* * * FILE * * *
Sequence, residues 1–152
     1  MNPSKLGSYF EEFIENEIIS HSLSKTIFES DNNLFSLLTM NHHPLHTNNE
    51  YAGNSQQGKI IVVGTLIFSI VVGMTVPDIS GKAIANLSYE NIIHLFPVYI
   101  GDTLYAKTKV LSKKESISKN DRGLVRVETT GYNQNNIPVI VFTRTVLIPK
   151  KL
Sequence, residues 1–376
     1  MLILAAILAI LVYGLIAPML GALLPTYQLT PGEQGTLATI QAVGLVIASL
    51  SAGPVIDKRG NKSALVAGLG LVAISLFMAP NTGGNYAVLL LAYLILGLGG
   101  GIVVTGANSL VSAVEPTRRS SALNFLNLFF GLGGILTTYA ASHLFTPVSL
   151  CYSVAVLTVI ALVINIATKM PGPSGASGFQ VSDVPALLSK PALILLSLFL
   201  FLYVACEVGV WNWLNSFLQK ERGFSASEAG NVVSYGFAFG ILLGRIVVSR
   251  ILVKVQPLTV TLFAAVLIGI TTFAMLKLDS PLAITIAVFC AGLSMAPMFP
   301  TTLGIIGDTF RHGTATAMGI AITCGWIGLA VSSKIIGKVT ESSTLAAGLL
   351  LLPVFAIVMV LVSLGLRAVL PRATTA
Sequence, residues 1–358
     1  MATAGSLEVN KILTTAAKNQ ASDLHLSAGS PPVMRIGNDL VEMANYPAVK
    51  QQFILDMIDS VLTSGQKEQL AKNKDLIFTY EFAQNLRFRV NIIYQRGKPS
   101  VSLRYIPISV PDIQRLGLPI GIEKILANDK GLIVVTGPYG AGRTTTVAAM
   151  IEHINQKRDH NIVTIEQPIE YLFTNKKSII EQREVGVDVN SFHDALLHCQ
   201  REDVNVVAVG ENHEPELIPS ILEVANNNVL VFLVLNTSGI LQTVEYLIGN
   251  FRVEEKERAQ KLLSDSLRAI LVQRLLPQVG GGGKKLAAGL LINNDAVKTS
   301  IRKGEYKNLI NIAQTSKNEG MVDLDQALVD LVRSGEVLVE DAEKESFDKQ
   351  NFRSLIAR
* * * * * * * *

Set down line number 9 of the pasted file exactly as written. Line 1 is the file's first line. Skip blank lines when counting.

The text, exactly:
   101  GIVVTGANSL VSAVEPTRRS SALNFLNLFF GLGGILTTYA ASHLFTPVSL